Before I begin this blog, I do want to remind everyone that our district is piloting the new SBAC tests and grades 5 & 6 will be taking them this week beginning on Tuesday. Although data will not be generated on each individual child, it is an opportunity for our students to be exposed to the format and complexity of the test before they officially take it next year. Data from their results will be vital to the ongoing development of the SBAC. As with any tests, please be sure your student is rested and has had a good breakfast. No sugary snacks, please. Sugarless gum will be allowed during testing.
- Tuesday, May 6: 10:15 Non-PT Math; 12:45 PT Math
- Wednesday, May 7: 10:15 Non PT ELA; 12:30 PT ELA
- Thursday, May 8: Gates, Part 1
- Friday, May 9: Gates, Part 2; Spelling; Begin Reading Assessment
We'll be sure to take plenty of "oxygen breaks" throughout testing! FYI: As regular classes will be suspended for most of this week due to SBACs, students will have an opportunity to work on some independent assignments in any free time between/after tests. For me, that includes work on:
- Independent Poetry Unit activities.
- Two cloze activities pertaining to the French and Indian War.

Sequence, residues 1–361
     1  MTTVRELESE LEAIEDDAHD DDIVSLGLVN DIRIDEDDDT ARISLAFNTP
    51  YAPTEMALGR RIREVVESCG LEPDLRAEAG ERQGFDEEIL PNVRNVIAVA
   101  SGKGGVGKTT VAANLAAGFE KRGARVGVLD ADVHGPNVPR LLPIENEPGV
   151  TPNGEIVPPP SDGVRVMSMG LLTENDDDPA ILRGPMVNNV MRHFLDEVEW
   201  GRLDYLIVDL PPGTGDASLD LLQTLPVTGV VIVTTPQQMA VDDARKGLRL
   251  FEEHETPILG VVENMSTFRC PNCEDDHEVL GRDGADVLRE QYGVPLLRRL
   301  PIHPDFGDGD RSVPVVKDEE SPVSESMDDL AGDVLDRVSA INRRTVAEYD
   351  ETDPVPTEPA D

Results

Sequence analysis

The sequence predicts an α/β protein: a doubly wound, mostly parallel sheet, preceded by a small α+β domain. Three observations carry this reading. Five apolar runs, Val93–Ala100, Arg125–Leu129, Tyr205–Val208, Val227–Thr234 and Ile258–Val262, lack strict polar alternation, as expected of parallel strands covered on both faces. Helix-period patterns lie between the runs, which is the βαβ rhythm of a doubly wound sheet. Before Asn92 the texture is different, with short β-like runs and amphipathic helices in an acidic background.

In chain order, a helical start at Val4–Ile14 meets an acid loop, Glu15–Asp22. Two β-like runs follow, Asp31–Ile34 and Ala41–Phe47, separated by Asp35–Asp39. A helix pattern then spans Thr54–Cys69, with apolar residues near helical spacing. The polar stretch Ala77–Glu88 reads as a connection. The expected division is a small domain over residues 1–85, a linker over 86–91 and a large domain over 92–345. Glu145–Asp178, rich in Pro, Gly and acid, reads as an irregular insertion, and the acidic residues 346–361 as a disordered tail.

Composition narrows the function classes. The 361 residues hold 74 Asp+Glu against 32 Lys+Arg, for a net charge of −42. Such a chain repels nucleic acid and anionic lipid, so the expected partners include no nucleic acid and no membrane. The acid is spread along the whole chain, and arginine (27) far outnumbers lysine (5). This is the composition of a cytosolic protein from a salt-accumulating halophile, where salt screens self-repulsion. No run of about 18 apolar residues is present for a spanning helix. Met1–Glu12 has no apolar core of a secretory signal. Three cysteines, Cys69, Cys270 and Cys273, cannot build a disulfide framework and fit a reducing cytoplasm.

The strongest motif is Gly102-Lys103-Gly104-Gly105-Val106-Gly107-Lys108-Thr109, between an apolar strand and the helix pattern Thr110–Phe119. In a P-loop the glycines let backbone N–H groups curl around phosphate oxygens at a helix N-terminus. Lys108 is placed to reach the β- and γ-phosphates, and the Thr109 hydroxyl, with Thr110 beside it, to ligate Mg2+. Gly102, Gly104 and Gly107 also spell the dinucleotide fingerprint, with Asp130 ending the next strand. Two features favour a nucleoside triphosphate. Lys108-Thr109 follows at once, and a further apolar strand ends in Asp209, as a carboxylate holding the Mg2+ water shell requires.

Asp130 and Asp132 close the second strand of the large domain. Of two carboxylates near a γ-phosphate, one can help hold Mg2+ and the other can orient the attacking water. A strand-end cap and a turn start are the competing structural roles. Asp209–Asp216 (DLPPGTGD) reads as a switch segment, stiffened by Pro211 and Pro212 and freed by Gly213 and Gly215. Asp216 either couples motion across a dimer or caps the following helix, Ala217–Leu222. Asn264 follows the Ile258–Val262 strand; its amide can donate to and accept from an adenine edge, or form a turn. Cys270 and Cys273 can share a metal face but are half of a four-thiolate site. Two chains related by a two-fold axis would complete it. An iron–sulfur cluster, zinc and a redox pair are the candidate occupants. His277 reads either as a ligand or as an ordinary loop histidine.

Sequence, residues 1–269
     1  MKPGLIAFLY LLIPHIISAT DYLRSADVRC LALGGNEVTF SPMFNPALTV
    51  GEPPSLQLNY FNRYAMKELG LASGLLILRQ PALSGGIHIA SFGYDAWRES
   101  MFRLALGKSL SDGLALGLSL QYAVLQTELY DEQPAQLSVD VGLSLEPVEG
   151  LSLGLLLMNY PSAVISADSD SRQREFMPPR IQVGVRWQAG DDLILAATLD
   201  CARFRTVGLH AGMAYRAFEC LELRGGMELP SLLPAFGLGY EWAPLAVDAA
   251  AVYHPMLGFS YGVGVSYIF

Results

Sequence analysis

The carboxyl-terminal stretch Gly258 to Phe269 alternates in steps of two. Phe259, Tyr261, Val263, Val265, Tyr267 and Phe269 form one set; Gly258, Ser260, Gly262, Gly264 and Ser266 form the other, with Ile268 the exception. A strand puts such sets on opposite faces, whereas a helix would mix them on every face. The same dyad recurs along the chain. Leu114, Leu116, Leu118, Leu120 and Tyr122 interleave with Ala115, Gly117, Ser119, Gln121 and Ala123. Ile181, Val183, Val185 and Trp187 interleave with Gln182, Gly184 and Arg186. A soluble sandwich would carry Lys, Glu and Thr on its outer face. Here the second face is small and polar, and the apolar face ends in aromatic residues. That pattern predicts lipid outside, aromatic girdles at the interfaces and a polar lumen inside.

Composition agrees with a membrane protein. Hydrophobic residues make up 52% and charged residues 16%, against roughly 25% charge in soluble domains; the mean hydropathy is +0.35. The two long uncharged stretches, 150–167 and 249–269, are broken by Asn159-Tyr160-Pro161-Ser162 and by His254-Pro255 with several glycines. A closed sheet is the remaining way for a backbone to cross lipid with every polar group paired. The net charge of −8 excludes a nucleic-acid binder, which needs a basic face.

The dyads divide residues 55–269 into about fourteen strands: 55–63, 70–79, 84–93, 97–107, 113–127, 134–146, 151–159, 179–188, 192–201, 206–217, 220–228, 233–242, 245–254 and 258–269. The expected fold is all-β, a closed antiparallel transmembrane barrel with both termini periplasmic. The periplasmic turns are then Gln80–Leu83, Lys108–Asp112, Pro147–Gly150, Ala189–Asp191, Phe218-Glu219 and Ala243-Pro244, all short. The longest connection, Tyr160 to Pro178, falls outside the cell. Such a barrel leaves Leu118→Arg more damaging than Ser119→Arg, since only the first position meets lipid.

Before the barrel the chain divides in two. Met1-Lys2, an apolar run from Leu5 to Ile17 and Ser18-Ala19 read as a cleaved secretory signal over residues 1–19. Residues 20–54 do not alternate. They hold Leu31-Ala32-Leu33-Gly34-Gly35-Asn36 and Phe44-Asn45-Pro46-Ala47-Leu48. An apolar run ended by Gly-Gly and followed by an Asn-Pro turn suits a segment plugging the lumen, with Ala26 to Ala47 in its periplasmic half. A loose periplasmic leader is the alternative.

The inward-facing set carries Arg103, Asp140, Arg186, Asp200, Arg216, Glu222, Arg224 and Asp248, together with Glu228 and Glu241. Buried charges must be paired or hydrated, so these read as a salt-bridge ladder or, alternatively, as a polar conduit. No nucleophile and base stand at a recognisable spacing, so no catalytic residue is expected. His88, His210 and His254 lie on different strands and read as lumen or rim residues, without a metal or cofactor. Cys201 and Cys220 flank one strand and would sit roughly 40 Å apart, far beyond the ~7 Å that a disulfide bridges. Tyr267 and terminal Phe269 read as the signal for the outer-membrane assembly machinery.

THE BATTLE OF LAKE GEORGE
Not to be confused with the battle of Fort William Henry, the Battle of Lake George was fought on September 8, 1755. The first engagement, aptly known as "The Bloody Morning Scout," occurred when the British, in an attempt to cut off French supplies,
The life story of Major Robert Rogers, the New England frontiersman who recruited companies of colonial soldiers, known as Rogers' Rangers, to fight for the British in the French and Indian War, is a compelling mix of military intrigue and national identity. This feisty major codified colonial military strategies into a document, known as Standing Orders and put these principles to practice in many battles, campaigns, and scouting expeditions. Check it out:
What follows is a six-part episode By Ray Mears who allows you follow in the footsteps of Rogers' Rangers as they withdrew through New England, fighting off both the approaching enemy and starvation as fall turned into winter. This is part of BBC's third series of "Ray Mears Extreme Survival". It's a fascinating episode, and knowing how much we all love the outdoors, it provides great lessons for surviving in the woods! Enjoy!
Here's something else really worth watching if you're interested in Robert Rogers. This is called, "Rogers' Rangers, Ranging Way of War." (I find this stuff fascinating!)